George Moxon (1602-1687) was born in Yorkshire, England, one of seven sons. He attended Wakefield Grammar School and then Sussex College, Cambridge, graduating in 1623 with a BA in Theology. He was ordained in 1626 by Bishop Bridgeman, the Bishop of Chester. Moxon’s first position was as Chaplain to Sir William Brereton of Handforth Hall. After running afoul of Archbishop Laud, Moxon and his family left England for New England, settling first in Dorchester and then moving to William Pynchon's new settlement, Springfield, to serve as the community's first minister. In 1652 Moxon and his family returned to England.
John Pynchon (1625?-1703), the son of Springfield founder William Pynchon, was fourteen or fifteen when he recorded Moxon’s sermons in 1640. Pynchon was born in Springfield, Essex County, England. He and his father came to New England and settled in Dorchester in 1630. He moved west to what would become Springfield, Massachusetts, with his father in 1636.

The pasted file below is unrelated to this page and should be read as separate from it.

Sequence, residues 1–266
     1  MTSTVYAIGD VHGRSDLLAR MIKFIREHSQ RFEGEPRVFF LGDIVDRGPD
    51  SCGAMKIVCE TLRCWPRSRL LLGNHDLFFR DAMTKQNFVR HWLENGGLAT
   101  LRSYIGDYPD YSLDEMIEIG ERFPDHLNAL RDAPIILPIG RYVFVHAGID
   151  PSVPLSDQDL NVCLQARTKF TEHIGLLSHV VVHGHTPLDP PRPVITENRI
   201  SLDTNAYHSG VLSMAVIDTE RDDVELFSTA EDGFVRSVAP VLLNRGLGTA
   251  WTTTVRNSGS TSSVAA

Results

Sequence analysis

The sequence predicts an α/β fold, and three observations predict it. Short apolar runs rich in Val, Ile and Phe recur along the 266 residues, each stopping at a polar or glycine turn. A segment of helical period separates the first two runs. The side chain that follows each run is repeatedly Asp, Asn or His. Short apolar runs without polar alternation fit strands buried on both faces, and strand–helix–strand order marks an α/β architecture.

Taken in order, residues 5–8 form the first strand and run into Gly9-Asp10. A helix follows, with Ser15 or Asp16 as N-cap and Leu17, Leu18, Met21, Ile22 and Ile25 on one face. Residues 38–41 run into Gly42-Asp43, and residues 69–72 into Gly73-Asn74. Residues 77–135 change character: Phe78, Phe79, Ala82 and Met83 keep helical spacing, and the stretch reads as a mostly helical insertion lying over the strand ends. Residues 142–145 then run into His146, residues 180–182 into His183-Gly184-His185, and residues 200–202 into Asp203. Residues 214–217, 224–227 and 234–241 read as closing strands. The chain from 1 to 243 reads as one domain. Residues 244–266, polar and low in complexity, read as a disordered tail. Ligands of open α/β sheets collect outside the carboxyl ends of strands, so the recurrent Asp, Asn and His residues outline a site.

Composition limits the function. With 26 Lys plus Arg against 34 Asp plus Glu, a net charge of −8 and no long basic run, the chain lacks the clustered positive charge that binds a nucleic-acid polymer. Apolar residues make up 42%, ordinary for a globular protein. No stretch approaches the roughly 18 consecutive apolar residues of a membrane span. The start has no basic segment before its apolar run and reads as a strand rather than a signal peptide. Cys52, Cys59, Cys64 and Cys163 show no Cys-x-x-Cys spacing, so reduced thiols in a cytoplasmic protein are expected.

Originals are held by the Wood Museum of Springfield History in Springfield, Massachusetts. Please see the finding aid for more information.
This collection contains notes taken by adolescent John Pynchon (1625?-1703) on sermons preached by George Moxon (1602-1687) in Springfield, Massachusetts. The notes were taken in March and April, 1640, by Pynchon. The notes are recorded in John’s own “short writing.” In addition to full words, numbers, and abbreviations, John made use of a cypher of his own invention, which included symbols for more than 120 words.
Full-text transcription [pdf] of these notes, prepared by David M. Powers, is also available.